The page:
Clubland has always been intertwined with gay
life, with the nightclub often serving as a haven for freedom of sexual and
gender expression that’s denied in everyday life for gay people. The image of
a shirtless, leather-clad circuit party circa the early 2000s is the
traditional image for this form of gay escapism, with DJs like Peter Rauhofer
or Junior Vasquez setting the tone for the chiseled swaths of men on the
dance floor with a very specific brand of pumping house.
In the past decade, however, gay clubs have begun to splinter off from a somewhat antiquated sound. Nowadays, the sound of America’s gay underground zeitgeist is leagues away from the tribal house that once characterized gay clubs and circuit parties at the turn of the millennium. Eschewing big beat drums for TB-303 basslines, techno grooves, and soulful vocals, the new queer movement is one that looks to the past while pushing its sonic boundaries further and further forward.
Unique to the scene itself is a lack of a geographic center, with gay party crews from all over the country proving to be integral to its overall identity – not just those from the usual major nightlife markets. It’s a modern day grassroots movement, combining word-of-mouth promotion with the historically gay concept of the chosen family, with each artist and event helping to prop up one another to better the community as a whole.
With LGBTQIA Pride Month in mind, there’s no better time to shine a light on the movers and shakers of the America-born gay clubbing underground. Here’s a sampling of six party crews that are truly shaping the scene in 2017.
In the city where house music was born, Men’s Room is keeping the spirit of sexual freedom that has coursed through the genre since its beginnings alive and well. Jacob Meehan, Harry Cross and Aceboombap founded the Chicago dance party on the aim of providing a space free from inhibitions, away from the oppressive attitudes and abuse gay people are too commonly subject to in more public places. An inclination for openness is a requirement upon entry to bypass the sharp eyes of door-picker Ace – and so is removing at least half your clothing. Once inside it’s a free-for-all, with all gender identities and sexualities embraced into the welcoming arms of Men’s Room and encouraged to get loose. The music policy is similarly unchained, spanning jubilant house and disco to hardcore post-punk, via spiky techno and fizzing acid, with recent guests to join the three co-founding residents including DJ Harvey, Red Axes, Jason Kendig, Vicki Powell and Jay Boogie.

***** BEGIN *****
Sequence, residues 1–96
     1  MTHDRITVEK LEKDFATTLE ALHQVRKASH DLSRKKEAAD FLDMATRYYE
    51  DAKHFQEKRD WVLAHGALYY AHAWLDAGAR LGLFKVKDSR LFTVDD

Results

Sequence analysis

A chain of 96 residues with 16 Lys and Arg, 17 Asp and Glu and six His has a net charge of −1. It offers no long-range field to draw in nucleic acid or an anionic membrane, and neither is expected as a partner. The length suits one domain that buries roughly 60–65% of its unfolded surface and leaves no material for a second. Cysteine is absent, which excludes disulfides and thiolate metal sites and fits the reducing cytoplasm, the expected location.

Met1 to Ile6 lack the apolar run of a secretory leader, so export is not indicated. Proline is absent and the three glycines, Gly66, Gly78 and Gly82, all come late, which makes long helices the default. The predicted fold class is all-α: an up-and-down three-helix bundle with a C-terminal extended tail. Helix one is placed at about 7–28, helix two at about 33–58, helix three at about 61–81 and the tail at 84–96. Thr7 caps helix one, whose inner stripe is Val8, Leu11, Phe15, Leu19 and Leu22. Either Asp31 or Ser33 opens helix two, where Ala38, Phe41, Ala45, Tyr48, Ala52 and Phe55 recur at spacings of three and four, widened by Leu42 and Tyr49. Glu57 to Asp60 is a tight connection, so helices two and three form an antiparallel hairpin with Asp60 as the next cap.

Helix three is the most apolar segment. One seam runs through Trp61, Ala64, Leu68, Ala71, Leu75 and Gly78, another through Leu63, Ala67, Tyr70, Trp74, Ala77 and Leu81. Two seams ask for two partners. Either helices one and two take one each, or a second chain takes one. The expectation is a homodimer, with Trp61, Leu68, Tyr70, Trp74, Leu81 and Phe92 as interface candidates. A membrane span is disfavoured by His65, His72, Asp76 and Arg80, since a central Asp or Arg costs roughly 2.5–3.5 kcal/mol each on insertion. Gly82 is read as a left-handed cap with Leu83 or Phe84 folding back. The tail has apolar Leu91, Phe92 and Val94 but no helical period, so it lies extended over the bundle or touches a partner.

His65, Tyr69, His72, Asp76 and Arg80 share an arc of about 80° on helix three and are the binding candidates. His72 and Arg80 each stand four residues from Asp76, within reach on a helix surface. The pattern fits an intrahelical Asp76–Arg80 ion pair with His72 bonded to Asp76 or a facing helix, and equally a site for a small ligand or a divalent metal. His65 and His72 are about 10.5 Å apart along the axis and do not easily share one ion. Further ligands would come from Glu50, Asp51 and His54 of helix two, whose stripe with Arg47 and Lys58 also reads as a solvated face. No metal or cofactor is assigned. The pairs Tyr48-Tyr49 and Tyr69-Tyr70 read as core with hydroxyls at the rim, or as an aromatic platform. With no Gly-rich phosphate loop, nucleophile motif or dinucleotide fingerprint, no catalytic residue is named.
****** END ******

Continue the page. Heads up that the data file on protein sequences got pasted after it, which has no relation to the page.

The Carry Nation
For Nita Aviance and Will Automagic, Paris never stopped burning. The boys are veterans of the ever ebbing and flowing New York nightlife scene, having begun working together after being introduced to one another by fellow DJ Michael Formika Jones in the early 2000s.
Taking its name from the U.S. Prohibition-era temperance movement leader who would attack alcohol-serving establishments with a hatchet (as well as the rock band from Beyond The Valley of The Dolls) , The Carry Nation has become nothing short of an NYC institution with the boys’ packed booking schedule and heavy flow of releases. With sets that balance present-day house and techno with disco and some spicy bitch-house scorchers, the pair has a bouncy sonic aesthetic that’s ready for any party.
In addition to throwing their eponymous party at Good Room, The Carry Nation serve as residents of Ladyfag’s Friday-night Battle Hymn event at Chelsea’s Flash Factory. However, no matter where you catch them, the right crowd is sure to follow. “There are young queers everywhere that are getting their life on the dance floor. This is a universal truth,” the pair quips.
Not to shy away from the studio either, these days the duo are pumping out their own music. Their latest offering earned a premiere slot on Mixmag. Listen here